Sharing information is what my freelance-writing day job is all about. I love helping folks discover ways to make their homesteading and farming dreams come true one step at a time.
Connect With an Agent
Once you know what type of operation you’d like to pursue (or already have one in place that you want to build upon), you’ll need to locate your local FSA office to set up a meeting with an agent. These folks are there to guide and instruct you as to which programs may be a good fit for you.
For example, in addition to the beginning farmer classification—which means any farmer with less than 10 years’ experience in most cases—the FSA is committed to serving all farmers and ranchers.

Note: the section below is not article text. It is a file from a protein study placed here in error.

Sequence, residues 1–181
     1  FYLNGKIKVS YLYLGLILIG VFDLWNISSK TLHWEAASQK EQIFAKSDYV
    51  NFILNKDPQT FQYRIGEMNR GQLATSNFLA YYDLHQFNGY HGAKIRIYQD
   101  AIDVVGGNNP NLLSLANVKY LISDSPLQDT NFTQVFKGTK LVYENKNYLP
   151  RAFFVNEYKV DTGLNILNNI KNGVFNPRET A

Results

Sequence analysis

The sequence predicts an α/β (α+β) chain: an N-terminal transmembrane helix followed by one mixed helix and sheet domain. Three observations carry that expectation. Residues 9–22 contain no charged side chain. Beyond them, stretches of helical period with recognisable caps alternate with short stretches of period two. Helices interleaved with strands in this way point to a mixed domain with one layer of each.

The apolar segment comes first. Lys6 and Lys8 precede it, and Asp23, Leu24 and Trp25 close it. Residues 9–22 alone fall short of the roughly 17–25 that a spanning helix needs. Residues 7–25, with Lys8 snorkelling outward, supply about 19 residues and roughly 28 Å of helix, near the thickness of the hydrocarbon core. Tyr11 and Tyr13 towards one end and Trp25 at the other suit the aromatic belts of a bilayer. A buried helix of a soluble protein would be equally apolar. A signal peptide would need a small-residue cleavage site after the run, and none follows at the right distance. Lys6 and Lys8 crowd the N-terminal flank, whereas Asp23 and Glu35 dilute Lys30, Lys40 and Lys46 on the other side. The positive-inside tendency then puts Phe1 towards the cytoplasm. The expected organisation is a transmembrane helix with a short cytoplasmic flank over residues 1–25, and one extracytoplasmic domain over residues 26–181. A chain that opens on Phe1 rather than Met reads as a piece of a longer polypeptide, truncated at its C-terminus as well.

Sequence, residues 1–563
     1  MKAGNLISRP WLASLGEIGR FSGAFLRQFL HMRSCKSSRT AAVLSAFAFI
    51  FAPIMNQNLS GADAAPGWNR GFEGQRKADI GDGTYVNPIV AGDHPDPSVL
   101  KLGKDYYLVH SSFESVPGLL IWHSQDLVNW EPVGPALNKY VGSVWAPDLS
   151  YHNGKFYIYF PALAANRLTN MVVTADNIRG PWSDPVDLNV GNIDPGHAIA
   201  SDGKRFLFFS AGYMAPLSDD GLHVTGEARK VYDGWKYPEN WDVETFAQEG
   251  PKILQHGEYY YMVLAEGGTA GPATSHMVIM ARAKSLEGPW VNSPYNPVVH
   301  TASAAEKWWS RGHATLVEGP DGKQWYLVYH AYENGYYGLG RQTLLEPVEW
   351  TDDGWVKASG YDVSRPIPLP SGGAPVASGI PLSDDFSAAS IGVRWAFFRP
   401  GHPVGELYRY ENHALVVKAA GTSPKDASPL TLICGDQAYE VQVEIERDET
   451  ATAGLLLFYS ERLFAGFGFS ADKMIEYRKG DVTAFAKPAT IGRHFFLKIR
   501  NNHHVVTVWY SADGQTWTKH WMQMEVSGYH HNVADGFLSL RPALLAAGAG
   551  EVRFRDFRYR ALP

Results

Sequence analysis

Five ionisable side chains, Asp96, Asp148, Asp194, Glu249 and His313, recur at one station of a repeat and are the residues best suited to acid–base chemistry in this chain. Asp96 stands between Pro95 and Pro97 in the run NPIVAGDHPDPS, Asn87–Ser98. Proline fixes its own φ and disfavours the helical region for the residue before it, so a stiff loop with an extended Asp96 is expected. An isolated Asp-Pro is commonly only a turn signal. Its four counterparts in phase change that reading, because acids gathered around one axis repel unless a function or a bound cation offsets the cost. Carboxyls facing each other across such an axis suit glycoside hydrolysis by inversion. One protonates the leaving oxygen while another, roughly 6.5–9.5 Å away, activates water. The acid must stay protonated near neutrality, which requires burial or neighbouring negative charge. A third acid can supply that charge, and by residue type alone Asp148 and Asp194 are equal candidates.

By statute, FSA targets a portion of all guaranteed loan funds, direct operating and direct farm ownership loan funds, microloan funding and youth loans, to historically underserved farmers and ranchers, which include “women, African-Americans, Alaskan Natives, American Indians, Hispanic, Asian, Native Hawaiians and Pacific Islanders.”
There are even FSA loans for 4-H youth, veterans, low-income individuals and more. So it’s always best to get connected with an agent as soon as possible, even during the planning phase. That way, you can see which direction you should head.
In addition to guiding you down the best classification path for your personal situation, agents are trained to help you understand the importance of writing a business plan. It’s not as scary as it sounds.
They also help you organize your plan’s financial side to make record-keeping easier and see the big picture of your farming dream. Together, you’ll make sure you don’t miss an opportunity that you may not be aware of.
My own agent was phenomenal in helping me discover which FSA loans best fit my operation. We also worked on keeping better records.